This month I'd like to celebrate the 100% solar achievement of the Wells Reserve at Lauholm in Wells, Maine. This federal estuary research lab has proudly installed PV panels on three of its buildings (along with a ground-mount array). Senator Angus King (I) of Maine threw the 'switch' at dedication ceremonies. The aerials, at the beginning and end, as well as the overall coverage were contributed by Maine HDTV (I'm a partner in their aerial photography division and a former Laudholm Trust board member).

The reserve had planned for years to make this leap - with federal money and donations from Laudholm Trust, the goal was reached on-budget and two years early. You can read about the facility, which will generate 73,000 kWhrs of 'free' electricity annually, on the reserve's website. "Where there's a will, there's a way!"

Last Updated on Monday, 21 December 2015 11:44
 
June Report, 2015 PDF Print E-mail
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Thursday, 02 July 2015 05:36

pvjune152015 June Report

Half of 2015 is now history. The big question is: How has our 4,200 watt PV array done in this 21st year of our home? Accumulated output for six months is - 2,307 kWhrs of electricity. Those numbers allow for some less-than-sunny months this fall and early winter. That is well within our annual goal of 4,000 kWhrs! Here's the meter as of July 1st.

Plug-in Prius

The lease on my PiP (!) expired and I searched for a suitable hybrid to purchase. After touring the local auto dealers, a 2015 Camry caught my eye. In its first month, the MPG is averaging in the mid-40s and there are some short 3-mile roundtrips where the battery can deliver 60+ MPG. Very pleased. This should reduce our electric bill as well (More on that when the bill comes in).

Threat to Solar Growth in Maine

Governor LePage proposed several bills that would have reduced or eliminated net metering in our state. We testified before the PUC some 15 years ago to help create that state policy - now it's in joapardy. The legislature rightly failed to pass the proposed law, but vigilance is required when it rears its ugly head at the next legislative session. Here's the latest news from Maine Public Broadcasting Network.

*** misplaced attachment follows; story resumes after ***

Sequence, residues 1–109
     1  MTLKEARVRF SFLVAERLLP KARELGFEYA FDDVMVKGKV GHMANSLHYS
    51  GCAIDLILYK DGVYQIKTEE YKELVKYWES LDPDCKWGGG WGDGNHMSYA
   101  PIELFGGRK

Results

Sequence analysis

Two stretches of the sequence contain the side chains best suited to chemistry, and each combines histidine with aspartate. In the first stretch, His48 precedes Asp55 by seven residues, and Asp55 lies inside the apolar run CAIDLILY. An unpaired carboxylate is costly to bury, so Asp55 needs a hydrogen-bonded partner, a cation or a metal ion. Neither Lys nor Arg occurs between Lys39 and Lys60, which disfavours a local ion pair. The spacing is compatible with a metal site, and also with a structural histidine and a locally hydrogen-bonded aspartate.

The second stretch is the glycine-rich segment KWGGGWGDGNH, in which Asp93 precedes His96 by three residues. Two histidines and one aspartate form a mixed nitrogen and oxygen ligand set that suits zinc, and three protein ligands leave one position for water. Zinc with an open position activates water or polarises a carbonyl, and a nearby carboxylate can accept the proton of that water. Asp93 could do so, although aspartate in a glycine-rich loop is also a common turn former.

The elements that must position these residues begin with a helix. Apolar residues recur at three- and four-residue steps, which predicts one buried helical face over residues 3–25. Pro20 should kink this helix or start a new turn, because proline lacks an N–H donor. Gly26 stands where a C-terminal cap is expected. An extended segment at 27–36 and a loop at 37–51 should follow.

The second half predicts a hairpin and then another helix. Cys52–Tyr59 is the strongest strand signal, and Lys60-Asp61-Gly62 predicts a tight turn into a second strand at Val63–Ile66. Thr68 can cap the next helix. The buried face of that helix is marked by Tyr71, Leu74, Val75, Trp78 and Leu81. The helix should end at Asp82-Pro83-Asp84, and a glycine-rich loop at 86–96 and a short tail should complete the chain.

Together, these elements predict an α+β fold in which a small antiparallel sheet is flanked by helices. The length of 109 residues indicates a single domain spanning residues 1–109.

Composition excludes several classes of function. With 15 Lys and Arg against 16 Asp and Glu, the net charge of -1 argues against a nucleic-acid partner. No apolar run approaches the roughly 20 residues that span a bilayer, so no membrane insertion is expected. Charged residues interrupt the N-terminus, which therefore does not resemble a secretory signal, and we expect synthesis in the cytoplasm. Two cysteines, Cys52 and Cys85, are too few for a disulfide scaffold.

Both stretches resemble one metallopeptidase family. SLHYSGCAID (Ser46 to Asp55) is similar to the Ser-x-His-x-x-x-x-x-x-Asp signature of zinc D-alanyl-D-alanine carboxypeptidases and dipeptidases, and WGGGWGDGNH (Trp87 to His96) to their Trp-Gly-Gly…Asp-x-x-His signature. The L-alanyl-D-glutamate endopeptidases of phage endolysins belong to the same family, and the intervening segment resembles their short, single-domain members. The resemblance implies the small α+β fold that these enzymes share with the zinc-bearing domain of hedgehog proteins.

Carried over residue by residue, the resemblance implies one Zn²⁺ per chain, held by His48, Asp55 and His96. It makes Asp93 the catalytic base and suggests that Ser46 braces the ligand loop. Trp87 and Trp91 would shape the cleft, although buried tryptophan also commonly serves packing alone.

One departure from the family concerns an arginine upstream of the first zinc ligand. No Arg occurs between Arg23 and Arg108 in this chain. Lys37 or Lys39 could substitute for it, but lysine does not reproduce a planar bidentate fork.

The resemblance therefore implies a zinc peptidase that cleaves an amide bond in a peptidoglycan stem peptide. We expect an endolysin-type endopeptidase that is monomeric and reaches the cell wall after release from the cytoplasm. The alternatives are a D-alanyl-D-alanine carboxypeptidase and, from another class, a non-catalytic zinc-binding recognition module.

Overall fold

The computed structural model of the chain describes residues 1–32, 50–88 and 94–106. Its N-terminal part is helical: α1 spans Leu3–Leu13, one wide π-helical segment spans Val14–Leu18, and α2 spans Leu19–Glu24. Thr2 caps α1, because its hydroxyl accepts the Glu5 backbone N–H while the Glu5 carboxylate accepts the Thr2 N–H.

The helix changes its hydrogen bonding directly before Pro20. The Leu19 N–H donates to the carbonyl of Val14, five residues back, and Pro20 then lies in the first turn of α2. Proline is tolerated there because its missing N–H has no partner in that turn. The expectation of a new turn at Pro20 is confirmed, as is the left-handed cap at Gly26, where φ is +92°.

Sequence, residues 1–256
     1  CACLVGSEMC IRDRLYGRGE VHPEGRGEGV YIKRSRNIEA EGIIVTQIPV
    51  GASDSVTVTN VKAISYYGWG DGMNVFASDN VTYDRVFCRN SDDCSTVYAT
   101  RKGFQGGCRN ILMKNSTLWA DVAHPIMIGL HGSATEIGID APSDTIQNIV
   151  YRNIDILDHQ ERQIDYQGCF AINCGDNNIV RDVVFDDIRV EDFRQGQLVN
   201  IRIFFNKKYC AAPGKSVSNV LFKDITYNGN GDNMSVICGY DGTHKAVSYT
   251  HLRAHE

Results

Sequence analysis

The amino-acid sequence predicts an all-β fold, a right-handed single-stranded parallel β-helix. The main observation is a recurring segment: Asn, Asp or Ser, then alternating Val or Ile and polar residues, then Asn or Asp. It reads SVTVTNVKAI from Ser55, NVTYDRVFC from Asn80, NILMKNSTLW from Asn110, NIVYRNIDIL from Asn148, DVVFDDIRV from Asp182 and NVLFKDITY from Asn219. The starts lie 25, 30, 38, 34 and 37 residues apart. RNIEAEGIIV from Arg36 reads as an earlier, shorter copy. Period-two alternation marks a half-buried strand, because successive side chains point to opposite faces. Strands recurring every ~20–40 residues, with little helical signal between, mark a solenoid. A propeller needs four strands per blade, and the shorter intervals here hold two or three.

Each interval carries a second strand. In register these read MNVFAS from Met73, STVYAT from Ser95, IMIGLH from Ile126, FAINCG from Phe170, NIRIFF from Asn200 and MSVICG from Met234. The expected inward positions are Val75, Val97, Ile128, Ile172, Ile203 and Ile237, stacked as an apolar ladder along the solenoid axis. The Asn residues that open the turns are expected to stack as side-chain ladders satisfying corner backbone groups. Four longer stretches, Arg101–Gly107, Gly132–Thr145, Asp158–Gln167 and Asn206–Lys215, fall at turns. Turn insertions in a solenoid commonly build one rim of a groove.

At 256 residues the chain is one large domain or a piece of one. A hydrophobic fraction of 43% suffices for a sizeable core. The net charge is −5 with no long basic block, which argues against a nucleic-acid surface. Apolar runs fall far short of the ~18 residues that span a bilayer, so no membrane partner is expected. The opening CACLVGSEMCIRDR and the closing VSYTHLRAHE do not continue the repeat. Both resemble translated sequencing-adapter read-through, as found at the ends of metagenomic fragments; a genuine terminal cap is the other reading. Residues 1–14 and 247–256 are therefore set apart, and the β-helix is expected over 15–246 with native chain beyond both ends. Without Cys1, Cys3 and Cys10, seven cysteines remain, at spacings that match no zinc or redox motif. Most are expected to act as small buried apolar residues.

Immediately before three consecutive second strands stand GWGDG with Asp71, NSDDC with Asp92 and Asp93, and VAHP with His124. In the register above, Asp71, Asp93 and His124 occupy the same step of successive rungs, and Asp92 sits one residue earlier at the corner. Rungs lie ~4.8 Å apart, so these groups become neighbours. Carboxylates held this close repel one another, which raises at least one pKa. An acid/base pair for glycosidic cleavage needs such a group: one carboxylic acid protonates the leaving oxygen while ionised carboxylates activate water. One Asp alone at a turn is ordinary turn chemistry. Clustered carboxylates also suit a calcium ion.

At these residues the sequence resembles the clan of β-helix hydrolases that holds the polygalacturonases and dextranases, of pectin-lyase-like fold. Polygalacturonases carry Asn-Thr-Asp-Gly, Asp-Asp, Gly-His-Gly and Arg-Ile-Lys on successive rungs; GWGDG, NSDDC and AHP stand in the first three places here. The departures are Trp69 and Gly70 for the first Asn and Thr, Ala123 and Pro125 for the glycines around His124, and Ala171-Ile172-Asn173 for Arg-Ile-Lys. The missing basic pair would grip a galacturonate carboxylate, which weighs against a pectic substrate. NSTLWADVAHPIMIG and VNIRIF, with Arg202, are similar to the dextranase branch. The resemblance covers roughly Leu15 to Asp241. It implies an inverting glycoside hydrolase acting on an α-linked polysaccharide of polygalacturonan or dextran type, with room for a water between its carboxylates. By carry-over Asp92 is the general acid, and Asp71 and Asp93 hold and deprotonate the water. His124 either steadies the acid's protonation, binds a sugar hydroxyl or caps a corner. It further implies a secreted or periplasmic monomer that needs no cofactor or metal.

A Solar Neighbor

Thought you'd enjoy a quick video clip from our QuadCamera of our next door neighbor's PV installation.



It's an 8,000 watt array facing more west than south as it was placed along the property line. The house is an all electric structure (electric heat!). The array is one way to reduce that power bill.

Last Updated on Monday, 21 December 2015 11:43
 
February, 2015 Report PDF Print E-mail
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Saturday, 28 February 2015 15:56

winter15Winter is a blast...literally! Snow, wind, freezing temperatures...but warmth inside our house. Wikipedia defines winter as: "...caused by the axis of the Earth in that hemisphere being oriented away from the Sun." Well, I think the axis has been even further tilted from the Sun because of the weight of the snow - averaging a total of 3-4 feet to date, and knowing New England - there's still more to come.

One of the great inventions of our time is the snow blower - without it, no access to the front door and the backup propane tanks until Spring! I'm not sure it's just a Maine thing, but several years ago my neighbor said he didn't need his snow blower any more and wondered if I wanted it. Not wanting to insult his generosity, I immediately said, "yes." As you can see the pathway is a bit crooked but not bad for an amateur.

pvfeb15Our photovoltaic panels continue to crank out electricity. February's output was 286 kWhrs. That's lower that our normal February generation (usually around 350 kWhrs) due primarily to the parade of snow storms that kept the sun from shinning. But when it's out, it's powerful. Today, for example, we generated 21.5 kWhrs!

tempfeb15

Note the inside temperature today  - a high of 77.4. That's due primarily to the passive solar gain of our home. The sun shone from sunrise (0 degrees) to sunset (28 degrees) which caused the solar tanks in the basement to heat up to 148 degrees - ample 'fuel' for any overnight heat we might need. That's called a renewable resource!

Last Updated on Thursday, 02 April 2015 07:17